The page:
Downtown Portland, Oregon
Downtown Portland, Oregon

Home Insurance Coverage Basics

In it’s simplicity your Oregon home insurance policy will save you from:

Severe financial loss if your home is damaged or destroyed.

Damage and loss to your family’s possessions.

Financial loss due to liability claims, medical expenses, and other amounts that result from property damage and personal injury suffered by others.

The six basic coverage’s of a home insurance policy are:

This coverage insures the structure, your home, and attached structures from damage resulting from these perils:

 Fire and lightning

 Windstorm and hail


 Theft, vandalism, and malicious mischief

 Riot and civil unrest

 Damage from vehicles

 Sudden, accidental damage from smoke

 Aircraft and objects falling from the sky

 Volcanic eruptions

 Weight of snow, ice, and sleet

 Accidental discharge or overflow of water or steam from your plumbing

 Freezing of plumbing

 Sudden, accidental tearing, cracking, burning or bulging of a steam pipe or hot water heating system

 Sudden and accidental damage from artificially generated electrical current

A home insurance policy will exclude a loss due to flood, earthquake, and landslide. Flood insurance is available through the federal government’s National Flood Insurance Program, for an additional premium earthquake insurance and landslide insurance are available as additional coverage options if your home qualifies.

There are two types of replacement for your home.

  1. Guaranteed Replacement Cost. With this type of coverage, once you’ve met your deductible, the insurer promises to pick up the cost for rebuilding your home regardless of what the cost is to rebuild the home. If your home is insured for $200,000 and it ends up costing $275,000 the company will rebuild it without carrying any of that cost over to the you. Most companies have eliminated this type of coverage.
  2. Extended Replacement Cost. This is designed to cover rebuilding your home based on the declared value on your policy with an additional 25% – 50% cushion to protect you if there is an increase in labor and building materials.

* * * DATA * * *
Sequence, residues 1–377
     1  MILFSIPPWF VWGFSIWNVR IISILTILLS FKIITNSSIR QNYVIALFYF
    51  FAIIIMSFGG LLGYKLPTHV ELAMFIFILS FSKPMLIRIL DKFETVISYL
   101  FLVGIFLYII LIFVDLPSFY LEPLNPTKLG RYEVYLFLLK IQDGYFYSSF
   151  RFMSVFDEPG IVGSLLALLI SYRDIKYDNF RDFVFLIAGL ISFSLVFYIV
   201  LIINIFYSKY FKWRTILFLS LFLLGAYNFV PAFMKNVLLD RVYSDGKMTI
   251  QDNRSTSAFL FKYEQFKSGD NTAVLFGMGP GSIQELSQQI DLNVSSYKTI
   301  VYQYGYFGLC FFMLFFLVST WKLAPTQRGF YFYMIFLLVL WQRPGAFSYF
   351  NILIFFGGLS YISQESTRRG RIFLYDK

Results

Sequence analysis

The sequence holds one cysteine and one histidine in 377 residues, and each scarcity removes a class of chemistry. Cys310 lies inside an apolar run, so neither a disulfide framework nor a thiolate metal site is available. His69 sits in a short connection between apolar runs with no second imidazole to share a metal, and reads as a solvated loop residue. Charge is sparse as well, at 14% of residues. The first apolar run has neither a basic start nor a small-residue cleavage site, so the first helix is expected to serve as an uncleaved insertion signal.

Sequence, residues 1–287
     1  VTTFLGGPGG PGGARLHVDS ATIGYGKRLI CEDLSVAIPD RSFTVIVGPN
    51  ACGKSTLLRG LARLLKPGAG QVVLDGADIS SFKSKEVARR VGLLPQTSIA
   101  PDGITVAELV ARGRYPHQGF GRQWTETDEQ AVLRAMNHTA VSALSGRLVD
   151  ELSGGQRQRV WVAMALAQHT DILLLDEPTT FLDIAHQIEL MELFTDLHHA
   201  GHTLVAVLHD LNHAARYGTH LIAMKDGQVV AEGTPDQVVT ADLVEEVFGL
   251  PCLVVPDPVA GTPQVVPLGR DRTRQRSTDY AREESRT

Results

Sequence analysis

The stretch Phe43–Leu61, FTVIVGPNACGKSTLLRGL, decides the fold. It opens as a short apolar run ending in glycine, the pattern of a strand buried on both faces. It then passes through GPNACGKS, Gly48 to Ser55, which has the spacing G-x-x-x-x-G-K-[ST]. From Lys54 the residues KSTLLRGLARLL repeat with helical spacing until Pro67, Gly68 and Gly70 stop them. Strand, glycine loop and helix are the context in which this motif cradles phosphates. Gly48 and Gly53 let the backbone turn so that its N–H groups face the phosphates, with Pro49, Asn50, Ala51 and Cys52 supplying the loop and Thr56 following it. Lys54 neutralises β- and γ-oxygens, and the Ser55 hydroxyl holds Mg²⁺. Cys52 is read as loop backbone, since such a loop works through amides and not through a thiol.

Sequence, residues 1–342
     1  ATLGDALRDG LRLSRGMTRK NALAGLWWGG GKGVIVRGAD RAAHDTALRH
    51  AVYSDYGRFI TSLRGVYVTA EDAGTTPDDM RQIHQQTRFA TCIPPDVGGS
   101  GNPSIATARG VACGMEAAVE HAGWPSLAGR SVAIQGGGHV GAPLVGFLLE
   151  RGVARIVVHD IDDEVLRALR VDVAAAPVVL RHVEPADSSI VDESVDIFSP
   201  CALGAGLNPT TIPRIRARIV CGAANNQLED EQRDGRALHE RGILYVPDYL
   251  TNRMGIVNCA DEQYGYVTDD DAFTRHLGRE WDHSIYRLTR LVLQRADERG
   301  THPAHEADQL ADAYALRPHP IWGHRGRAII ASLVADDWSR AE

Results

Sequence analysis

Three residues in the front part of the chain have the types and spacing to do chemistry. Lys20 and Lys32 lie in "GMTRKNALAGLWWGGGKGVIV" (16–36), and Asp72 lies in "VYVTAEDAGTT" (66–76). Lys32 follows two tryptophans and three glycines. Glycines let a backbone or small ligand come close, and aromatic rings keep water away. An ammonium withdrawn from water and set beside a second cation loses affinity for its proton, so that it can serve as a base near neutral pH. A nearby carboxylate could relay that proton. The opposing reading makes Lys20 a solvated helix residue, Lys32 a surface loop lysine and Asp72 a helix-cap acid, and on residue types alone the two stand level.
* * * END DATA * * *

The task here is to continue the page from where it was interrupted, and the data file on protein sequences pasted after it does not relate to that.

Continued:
Home insurance will protect more than just the owner of the house. Generally, it will protect anyone named on the policy, your spouse, residents of the home (other than renters), household employees, guests and visitors.

‘Other Structures’ is considered to be separate and distinct from the dwelling by clear space or connected to the dwelling by a fence, wall, wire, or a similar type of connection. Most policies provide your other structure coverage limit at 10% of whatever your home is insured at. Examples of these types of structures would include a barn, shed, detached garage, gazebo, fence or other structure not attached to your home. The other structures coverage insures these structures against the same risks that covers your dwelling.
The personal property or personal belongings insurance portion of your home insurance policy protects loss or damage to your personal property. Most policies provide your personal property coverage limit at 70% of whatever replacement cost limit your home is insured at.

Property used for business purpose isn’t considered personal property and limited coverage is provided. If you have more than $5,000 in property that’s used for business purposes please let me know so I can provide you with a commercial insurance quote to provide coverage for your business property.

There are often limitations with property coverage and some property might not have full replacement cost coverage. Adding a schedule will insure your property on a scheduled basis, this means that each item is listed and described on your policy. This will provide a separate limit of insurance for each, based on an appraisal or bill of sale.